Just when you thought your weekend would be boring and uneventful, the New York Time published an article regarding Nokia and Android devices, which we were always told would never be a possibility for the Finns.
According to the New York Times’ insider sources, Nokia started internal testing of Google’s Android OS on their Lumia devices, as a possible solution for the company as soon as their partnership agreement with Microsoft and their Windows Phone OS ran out. Apparently the company had easily gotten Android to work on the devices during internal testing and it was a strong possibility that the company would adopt Android as soon as their agreement ran out in late 2014. It makes sense, Windows Phone hasn’t exactly been a fast growing option for the Finns, not very profitable, which Microsoft is likely to have realized which could more than likely have been what prompted the acquisition in the first place.
After years of innovation and great devices, Nokia is set to cease manufacturing the devices as soon as their hardware division is completely sold off to Microsoft, the end of an era…
It has been quite a week that has passed. We were given a glimpse into the future by Elon Musk with his dreams of holographic design, Samsung surprised us all with the seemingly overpriced Samsung Galaxy Gear, Xiaomi showed that they mean business with the Xiaomi Mi3, Google and Nestle introduced Android 4.4 KitKat and then of course a hot topic was Microsoft’s announcement that they were acquiring Nokia’s mobile division.
This week the end of an era came to be, in the very near future, Nokia would be no more. Microsoft and Nokia together announced this week that Microsoft will be acquiring Nokia’s mobile devices unit and licensing the firm’s remaining patents in a deal totaling an excess of $7.2 billion. After the deal closes by the beginning of 2014, we are unlikely to see new Nokia branded devices ever again, despite Microsoft being granted the trademark on feature phones for a period of ten years.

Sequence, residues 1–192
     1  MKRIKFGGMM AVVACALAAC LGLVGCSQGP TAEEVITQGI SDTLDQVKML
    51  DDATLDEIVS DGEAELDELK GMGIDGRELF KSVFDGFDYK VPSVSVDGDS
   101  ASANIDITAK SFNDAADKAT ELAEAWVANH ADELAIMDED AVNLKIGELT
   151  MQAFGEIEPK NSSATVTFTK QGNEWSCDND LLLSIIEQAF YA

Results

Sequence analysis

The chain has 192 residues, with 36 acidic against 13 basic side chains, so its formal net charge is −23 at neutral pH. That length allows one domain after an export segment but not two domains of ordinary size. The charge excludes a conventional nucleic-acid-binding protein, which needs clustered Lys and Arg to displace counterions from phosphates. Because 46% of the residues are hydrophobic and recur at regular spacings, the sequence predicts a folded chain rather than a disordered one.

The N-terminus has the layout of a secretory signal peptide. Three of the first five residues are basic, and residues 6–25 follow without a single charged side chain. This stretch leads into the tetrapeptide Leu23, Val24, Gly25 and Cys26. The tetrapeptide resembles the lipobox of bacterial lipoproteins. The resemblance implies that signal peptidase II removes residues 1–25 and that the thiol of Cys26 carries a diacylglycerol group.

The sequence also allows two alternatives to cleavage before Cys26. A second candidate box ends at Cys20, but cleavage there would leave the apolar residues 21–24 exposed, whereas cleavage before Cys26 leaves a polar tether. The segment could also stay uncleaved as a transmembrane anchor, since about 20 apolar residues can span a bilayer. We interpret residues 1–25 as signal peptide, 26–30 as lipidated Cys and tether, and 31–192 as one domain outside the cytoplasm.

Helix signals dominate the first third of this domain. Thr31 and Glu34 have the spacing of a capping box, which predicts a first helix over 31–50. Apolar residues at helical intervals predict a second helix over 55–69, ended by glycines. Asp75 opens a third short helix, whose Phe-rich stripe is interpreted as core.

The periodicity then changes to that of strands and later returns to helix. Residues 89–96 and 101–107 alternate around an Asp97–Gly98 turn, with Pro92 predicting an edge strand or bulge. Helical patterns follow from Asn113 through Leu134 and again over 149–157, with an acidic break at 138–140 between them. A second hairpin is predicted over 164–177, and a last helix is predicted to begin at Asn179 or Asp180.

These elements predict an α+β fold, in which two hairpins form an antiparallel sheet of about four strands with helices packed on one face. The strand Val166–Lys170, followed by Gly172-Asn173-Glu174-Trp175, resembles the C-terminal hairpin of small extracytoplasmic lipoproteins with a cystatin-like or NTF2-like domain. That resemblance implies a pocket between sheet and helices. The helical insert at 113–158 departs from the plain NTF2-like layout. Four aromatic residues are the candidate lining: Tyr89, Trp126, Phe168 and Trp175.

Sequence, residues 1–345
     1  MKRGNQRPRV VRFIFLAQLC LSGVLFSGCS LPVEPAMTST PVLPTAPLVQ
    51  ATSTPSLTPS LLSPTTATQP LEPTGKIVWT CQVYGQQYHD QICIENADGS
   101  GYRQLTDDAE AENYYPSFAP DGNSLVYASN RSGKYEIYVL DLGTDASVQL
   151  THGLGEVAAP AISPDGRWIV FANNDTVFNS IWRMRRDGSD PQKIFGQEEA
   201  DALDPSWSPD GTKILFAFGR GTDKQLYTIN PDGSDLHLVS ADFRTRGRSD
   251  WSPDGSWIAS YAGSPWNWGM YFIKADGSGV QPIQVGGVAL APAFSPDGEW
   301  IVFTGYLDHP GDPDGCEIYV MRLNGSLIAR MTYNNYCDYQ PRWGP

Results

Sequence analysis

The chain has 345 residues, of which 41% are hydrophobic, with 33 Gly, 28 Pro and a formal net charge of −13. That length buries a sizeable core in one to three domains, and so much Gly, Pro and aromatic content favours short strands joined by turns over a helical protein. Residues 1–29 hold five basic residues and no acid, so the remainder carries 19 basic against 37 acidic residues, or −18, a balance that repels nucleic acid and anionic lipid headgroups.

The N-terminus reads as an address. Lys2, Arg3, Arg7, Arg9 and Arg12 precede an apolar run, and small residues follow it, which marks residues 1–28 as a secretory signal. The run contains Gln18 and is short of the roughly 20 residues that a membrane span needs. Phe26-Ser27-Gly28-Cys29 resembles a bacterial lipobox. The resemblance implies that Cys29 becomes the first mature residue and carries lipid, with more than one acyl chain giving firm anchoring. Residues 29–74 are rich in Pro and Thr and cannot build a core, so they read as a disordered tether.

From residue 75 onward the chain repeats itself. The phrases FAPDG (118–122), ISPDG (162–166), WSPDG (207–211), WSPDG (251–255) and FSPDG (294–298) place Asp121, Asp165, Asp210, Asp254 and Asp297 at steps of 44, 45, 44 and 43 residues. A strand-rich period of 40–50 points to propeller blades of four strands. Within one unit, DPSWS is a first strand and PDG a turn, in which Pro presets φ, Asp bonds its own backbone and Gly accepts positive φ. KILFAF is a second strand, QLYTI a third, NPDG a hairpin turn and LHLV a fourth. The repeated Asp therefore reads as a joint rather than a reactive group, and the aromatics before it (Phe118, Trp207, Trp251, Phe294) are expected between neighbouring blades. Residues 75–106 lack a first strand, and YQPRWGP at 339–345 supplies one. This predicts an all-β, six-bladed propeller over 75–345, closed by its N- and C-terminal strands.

Nokia however, remains, stronger than ever, but empty, and to many, soulless. For plenty of years Nokia lead the mobile revolution, many of people’s first phones were made by Nokia, but that legacy now seems to be gone. Nokia’s brilliant camera phones, sturdy and strong smartphones, long lasting feature phones; all gone. Yes, the devices will be made by the same people, in the same factories, but that once iconic logo will be no more. Nokia phones no more.
What many people seems to be asking however is, what’s next for Nokia? What happens to the remainder of the company? What happens to the world class mapping services? What happens to the industry leading networking company? What happens to all of the patents that the company still owns, but can’t really make use of themselves? What happens to the brand that connected people, some for the first time? What does the future hold for the deviceless Nokia?
Nokia, as a brand, remains. They may not be in the mobile hardware business anymore, but they are still there, and they may very well be stronger than ever. The Microsoft deal stipulates that the remaining Nokia cannot make a single mobile device carrying the Nokia logo until January 1, 2016. So, can they re-enter the mobile market after that, if they wish? Yes, they can, but they are more than likely not going to do so. The company has shifted focus, its days of struggling in the competitive mobile market is over and they are getting a big fat paycheck to prove that. Sure, some of the money is likely to be paid to shareholders as a nice little bonus for their investment, but there will be quite a bit remaining.